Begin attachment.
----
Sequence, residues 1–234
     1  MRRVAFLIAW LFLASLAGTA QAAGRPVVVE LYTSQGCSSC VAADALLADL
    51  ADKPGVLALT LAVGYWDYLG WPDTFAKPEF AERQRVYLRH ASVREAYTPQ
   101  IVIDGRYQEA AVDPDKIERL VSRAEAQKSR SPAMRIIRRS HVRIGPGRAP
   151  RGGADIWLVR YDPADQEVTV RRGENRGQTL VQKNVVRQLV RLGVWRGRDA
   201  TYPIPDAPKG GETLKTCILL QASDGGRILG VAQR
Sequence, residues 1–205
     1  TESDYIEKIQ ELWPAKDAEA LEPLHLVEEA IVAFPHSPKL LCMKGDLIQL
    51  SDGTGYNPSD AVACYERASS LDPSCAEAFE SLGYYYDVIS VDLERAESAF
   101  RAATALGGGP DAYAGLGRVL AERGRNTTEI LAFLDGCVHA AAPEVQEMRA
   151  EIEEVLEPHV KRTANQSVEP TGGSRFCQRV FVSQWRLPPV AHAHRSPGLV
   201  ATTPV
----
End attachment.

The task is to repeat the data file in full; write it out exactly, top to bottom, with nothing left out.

Sequence, residues 1–234
     1  MRRVAFLIAW LFLASLAGTA QAAGRPVVVE LYTSQGCSSC VAADALLADL
    51  ADKPGVLALT LAVGYWDYLG WPDTFAKPEF AERQRVYLRH ASVREAYTPQ
   101  IVIDGRYQEA AVDPDKIERL VSRAEAQKSR SPAMRIIRRS HVRIGPGRAP
   151  RGGADIWLVR YDPADQEVTV RRGENRGQTL VQKNVVRQLV RLGVWRGRDA
   201  TYPIPDAPKG GETLKTCILL QASDGGRILG VAQR
Sequence, residues 1–205
     1  TESDYIEKIQ ELWPAKDAEA LEPLHLVEEA IVAFPHSPKL LCMKGDLIQL
    51  SDGTGYNPSD AVACYERASS LDPSCAEAFE SLGYYYDVIS VDLERAESAF
   101  RAATALGGGP DAYAGLGRVL AERGRNTTEI LAFLDGCVHA AAPEVQEMRA
   151  EIEEVLEPHV KRTANQSVEP TGGSRFCQRV FVSQWRLPPV AHAHRSPGLV
   201  ATTPV